∆9-Tetrahydrocannabinol, a major marijuana component, enhances the anesthetic effect of pentobarbital through the CB1 receptor.

 “∆9 Tetrahydrocannabinol (∆9-THC) and cannabidiol (CBD), major psychoactive constituents of marijuana, induce potentiation of pentobarbital-induced sleep in mice.

We have elucidated the mechanism of enhancement of the anesthetic effect of pentobarbital by cannabinoids.

These results suggest that binding of ∆9-THC to the CB1 receptor is involved in the synergism with pentobarbital, and that potentiating effect of CBD with pentobarbital may differ from that of ∆9-THC. We successfully demonstrated that ∆9-THC enhanced the anesthetic effect of pentobarbital through the CB1 receptor.”

https://www.ncbi.nlm.nih.gov/pubmed/30636988

“The pharmacological results indicate the effect of ∆9-THC co-administered with pentobarbital was a synergistic, but not additive, action in mice. Further evidence suggests the CB1 receptor plays an important role as a trigger in potentiating pentobarbital-induced sleep by ∆9-THC.”

https://link.springer.com/article/10.1007%2Fs11419-018-0457-2

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Do Endocannabinoids Regulate Glucose Reabsorption in the Kidney?

Logo Nephron

“Diabetic nephropathy (DN), a distinct manifestation of diabetic kidney disease, affects approximately 30% of patients with diabetes. While most attention has been focused on glomerular changes related to DN, there is growing evidence that tubulopathy is a key feature in the pathogenesis of this disease. The renal proximal tubule cells (RPTCs) are particularly sensitive to the deleterious effect of chronic hyperglycemia. However, the cellular changes that control the dysfunction of the RPTCs are not fully understood.

Controlling glucose reabsorption in the proximal tubules via inhibition of glucose transporters (GLUT) has emerged as a promising therapeutic in ameliorating DN.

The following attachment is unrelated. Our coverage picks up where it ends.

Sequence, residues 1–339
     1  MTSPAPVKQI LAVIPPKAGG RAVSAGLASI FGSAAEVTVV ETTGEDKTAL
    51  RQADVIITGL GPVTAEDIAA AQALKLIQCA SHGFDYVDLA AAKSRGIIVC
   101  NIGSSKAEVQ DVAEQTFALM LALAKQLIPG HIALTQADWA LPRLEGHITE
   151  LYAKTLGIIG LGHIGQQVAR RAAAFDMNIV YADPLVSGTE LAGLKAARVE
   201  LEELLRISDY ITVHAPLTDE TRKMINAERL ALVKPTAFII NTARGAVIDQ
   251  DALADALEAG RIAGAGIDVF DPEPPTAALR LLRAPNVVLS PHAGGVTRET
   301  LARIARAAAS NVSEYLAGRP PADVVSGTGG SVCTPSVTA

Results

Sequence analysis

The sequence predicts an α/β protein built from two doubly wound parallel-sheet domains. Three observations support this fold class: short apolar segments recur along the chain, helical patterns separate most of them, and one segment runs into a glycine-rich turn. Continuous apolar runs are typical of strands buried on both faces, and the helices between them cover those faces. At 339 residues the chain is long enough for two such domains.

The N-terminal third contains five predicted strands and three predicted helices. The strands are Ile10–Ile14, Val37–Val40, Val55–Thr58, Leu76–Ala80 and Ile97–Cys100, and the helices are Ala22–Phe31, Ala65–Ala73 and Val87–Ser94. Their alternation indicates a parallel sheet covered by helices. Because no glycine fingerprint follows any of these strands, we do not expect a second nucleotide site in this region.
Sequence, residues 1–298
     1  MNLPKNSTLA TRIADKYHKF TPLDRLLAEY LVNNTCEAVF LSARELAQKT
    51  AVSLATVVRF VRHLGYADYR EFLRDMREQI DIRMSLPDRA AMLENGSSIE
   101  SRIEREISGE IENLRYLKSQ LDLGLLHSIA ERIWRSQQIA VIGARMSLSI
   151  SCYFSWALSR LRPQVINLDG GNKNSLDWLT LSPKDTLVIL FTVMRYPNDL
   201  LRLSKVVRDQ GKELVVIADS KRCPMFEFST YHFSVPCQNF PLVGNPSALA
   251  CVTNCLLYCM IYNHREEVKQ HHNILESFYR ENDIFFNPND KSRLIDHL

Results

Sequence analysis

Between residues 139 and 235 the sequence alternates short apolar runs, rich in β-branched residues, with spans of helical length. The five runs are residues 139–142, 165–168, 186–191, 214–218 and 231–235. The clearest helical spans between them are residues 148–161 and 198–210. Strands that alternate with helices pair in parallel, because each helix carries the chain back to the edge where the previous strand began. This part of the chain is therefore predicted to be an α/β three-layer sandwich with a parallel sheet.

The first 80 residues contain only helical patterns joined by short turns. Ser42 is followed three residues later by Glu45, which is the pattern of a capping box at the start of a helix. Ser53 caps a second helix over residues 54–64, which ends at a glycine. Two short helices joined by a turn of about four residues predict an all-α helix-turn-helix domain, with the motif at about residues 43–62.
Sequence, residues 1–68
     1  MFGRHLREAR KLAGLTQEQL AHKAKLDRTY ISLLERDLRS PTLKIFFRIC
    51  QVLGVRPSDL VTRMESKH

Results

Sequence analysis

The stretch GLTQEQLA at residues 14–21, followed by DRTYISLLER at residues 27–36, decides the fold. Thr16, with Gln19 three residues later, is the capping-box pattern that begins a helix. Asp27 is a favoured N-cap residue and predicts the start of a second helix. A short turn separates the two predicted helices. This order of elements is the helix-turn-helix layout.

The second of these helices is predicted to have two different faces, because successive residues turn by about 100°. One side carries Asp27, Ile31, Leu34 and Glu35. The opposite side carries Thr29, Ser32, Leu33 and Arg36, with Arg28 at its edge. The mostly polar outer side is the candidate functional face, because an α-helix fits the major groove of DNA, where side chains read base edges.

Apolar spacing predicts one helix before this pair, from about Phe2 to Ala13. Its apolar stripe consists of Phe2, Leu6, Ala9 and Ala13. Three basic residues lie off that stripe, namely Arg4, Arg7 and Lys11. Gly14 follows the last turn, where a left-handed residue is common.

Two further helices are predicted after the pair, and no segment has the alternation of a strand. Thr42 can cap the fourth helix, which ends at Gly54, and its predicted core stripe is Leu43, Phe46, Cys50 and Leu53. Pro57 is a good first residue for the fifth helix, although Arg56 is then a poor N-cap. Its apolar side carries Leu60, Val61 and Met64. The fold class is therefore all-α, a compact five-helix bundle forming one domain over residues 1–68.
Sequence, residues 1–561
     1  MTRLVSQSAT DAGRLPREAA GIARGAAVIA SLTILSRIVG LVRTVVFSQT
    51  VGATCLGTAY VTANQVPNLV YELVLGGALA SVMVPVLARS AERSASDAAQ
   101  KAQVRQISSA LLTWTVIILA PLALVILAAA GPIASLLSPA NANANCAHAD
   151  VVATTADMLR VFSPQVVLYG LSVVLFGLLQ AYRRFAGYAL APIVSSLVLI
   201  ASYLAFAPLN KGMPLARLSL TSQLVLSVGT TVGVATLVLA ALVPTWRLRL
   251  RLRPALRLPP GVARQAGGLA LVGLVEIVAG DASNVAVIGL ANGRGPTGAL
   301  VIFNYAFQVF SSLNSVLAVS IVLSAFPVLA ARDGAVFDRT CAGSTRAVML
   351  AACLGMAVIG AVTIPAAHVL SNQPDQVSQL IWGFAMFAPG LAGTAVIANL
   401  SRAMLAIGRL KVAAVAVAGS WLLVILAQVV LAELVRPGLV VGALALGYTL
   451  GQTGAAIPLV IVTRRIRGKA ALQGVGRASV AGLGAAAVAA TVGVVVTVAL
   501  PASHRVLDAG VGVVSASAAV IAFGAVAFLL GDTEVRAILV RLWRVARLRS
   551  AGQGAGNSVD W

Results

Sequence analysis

Overactivation of the renal endocannabinoid (eCB) system via the cannabinoid-1 receptor (CB1R) contributes to the development of DN, and its blockade by globally acting or peripherally restricted CB1R antagonists has been shown to ameliorate renal dysfunction in different murine models for diabetes. Recently, we have utilized various pharmacological and genetic tools to show that the eCB/CB1R system contributes to the development of DN via regulating the expression, translocation, and activity of the facilitative GLUT2 located in the RPTCs.

These findings have the potential to be translated into therapy, and support the rationale for the preclinical development of novel renal-specific CB1R and/or GLUT2 inhibitors for the treatment of DN.”

https://www.ncbi.nlm.nih.gov/pubmed/30636250

https://www.karger.com/Article/FullText/494512

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Assessing the impact of cannabis use on trends in diagnosed schizophrenia in the United Kingdom from 1996 to 2005.

Schizophrenia Research

“The study cohort comprised almost 600,000 patients each year, representing approximately 2.3% of the UK population aged 16 to 44. Between 1996 and 2005 the incidence and prevalence of schizophrenia and psychoses were either stable or declining. Explanations other than a genuine stability or decline were considered, but appeared less plausible. In conclusion, this study did not find any evidence of increasing schizophrenia or psychoses in the general population from 1996 to 2005.”

https://www.ncbi.nlm.nih.gov/pubmed/19560900

https://www.sciencedirect.com/science/article/pii/S0920996409002692?via%3Dihub

“The incidence and prevalence of patients showing schizophrenic syndromes are unchanged or have even fallen while the use of cannabis has increased enormously. We must conclude that either previous schizophrenic illnesses have become much less common or that cannabis schizophrenia is rare and perhaps it may not even exist.” https://www.bmj.com/content/325/7374/1183/rapid-responses

“Cannabis use appears to be neither a sufficient nor a necessary cause for psychosis.”  https://www.ncbi.nlm.nih.gov/pubmed/14754822

“The current data do not support low to moderate lifetime cannabis use to be a major contributor to psychosis or poor social and role functioning in high-risk youth.”  https://www.ncbi.nlm.nih.gov/pmc/articles/PMC3459073/